Sacha Inchi:

What is it?, history, cultivation, nutritional value, uses, recipes, and more...

Sacha Inchi is an oilseed plant native to the Peruvian Amazon. Its seeds contain a high content of Omega 3 and 6 fatty acids, even greater than that found in fish, making it highly valued worldwide as a source of essential fatty acids.

What is Sacha Inchi?

Sacha Inchi is a hermaphroditic plant, a robust and fast-growing vine, semi-woody and perennial. It can reach a height of 2 meters and has alternate, toothed, and heart-shaped leaves measuring about 10 to 12 cm in length and 8 to 10 cm in width. Its flowers are small, whitish, and grow in clusters. Its fruits are capsules measuring 3 to 5 cm in diameter, green in color, usually with four to seven lobes, which turn dark brown when ripe. Each of these fruits contains an oval seed with a dark brown color, measuring 1.5 to 2 cm in diameter and weighing between 0.8 to 1.4 grams. The seeds are slightly raised in the center and indented towards the edges.

This plant was rediscovered in the 1980s due to its nutritional properties (it contains Omega 3, 6, and 9 fatty acids at around 49% to 53% and proteins at 33%). Since then, its cultivation has greatly expanded in Peru, Ecuador, Costa Rica, and Colombia.

History of Sacha Inchi

Sacha Inchi was first described as a species in 1753 by the naturalist Linnaeus, and it was then that it acquired its scientific name: Plukenetia volubilis Linnaeus. There is evidence that this plant was part of the dietary and medicinal practices of pre-Inca and Inca cultures, as phytomorphic vessels representing the fruit and the plant have been found from the pre-Inca Chimú and Mochica societies.

Subsequently, Inca Garcilaso de la Vega in “The Royal Commentaries of the Incas” refers to it as follows:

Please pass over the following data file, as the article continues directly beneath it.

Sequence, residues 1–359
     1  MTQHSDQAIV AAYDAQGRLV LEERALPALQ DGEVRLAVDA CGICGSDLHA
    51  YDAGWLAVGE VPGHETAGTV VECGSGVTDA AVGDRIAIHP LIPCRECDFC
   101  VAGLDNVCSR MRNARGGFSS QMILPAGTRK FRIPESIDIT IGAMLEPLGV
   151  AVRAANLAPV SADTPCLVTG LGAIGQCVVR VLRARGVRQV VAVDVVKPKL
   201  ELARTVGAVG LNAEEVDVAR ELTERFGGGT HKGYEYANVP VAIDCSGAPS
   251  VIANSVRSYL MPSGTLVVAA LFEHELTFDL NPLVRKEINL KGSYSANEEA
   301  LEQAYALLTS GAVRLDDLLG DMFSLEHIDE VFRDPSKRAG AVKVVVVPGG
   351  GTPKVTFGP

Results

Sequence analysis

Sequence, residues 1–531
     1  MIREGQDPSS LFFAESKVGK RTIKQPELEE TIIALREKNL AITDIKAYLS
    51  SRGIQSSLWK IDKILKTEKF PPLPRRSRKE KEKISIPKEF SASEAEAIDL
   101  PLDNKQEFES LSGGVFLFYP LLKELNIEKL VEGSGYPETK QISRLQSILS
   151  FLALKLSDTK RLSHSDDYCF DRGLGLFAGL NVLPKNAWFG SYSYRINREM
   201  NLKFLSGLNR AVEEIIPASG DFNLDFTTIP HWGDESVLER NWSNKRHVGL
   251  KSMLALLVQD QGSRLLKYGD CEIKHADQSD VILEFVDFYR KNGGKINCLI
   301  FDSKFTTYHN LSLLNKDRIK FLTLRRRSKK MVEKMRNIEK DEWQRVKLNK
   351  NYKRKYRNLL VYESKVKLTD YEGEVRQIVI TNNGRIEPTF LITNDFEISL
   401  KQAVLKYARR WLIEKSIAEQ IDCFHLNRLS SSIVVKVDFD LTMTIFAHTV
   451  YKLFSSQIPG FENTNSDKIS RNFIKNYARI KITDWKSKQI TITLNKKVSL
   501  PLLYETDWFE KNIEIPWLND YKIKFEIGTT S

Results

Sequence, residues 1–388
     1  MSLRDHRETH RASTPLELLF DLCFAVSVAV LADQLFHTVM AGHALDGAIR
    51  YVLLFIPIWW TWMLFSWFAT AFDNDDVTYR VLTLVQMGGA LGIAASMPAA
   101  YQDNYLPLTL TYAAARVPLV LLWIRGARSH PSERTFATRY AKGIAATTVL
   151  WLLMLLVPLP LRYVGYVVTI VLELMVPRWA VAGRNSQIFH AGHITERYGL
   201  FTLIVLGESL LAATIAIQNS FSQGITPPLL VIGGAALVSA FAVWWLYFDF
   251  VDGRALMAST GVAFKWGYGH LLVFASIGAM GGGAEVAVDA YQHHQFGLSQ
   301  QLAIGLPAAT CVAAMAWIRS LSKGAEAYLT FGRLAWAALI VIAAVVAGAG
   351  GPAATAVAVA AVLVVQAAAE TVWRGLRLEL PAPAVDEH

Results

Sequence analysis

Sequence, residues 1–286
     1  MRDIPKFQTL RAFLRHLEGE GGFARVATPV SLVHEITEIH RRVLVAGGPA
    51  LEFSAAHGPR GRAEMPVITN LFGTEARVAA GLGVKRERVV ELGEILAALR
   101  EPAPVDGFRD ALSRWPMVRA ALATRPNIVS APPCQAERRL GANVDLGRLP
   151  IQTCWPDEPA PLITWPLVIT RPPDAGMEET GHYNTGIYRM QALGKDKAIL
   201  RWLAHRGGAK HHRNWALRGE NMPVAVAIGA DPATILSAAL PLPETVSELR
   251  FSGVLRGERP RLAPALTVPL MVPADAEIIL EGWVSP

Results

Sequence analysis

“There is another fruit that grows under the ground, which the Indians call inchic and the Spaniards call peanuts (all the names that the Spaniards give to fruits and vegetables of Peru are from the language of the Windward Islands, which they have introduced into their Spanish language, and for this reason, we give an account of them), the inchic is very similar, in the kernel and in taste, to almonds; if eaten raw, it offends the head, and if roasted, it is tasty and beneficial; with honey, they make good nougat from it; they also extract a very nice oil from inchic for many illnesses.”

In 1951, in Volume VII of Promising Plant Species of the Andrés Bello Convention, it is stated:

“…The Yahuas, Cocamas, Shipibos, and Chayahuitas consume the tender leaves of Plukenetia volubilis in the form of salads as part of their diet…[CIDRAP, 1976]”

Records of its origin in Peru can be found in the northeastern pre-Inca cultures, through representations of the fruit in Chimú and Mochica vessels; as shown by some vessels depicting this vine with its star-shaped fruits…[CIDRAP, 1985]”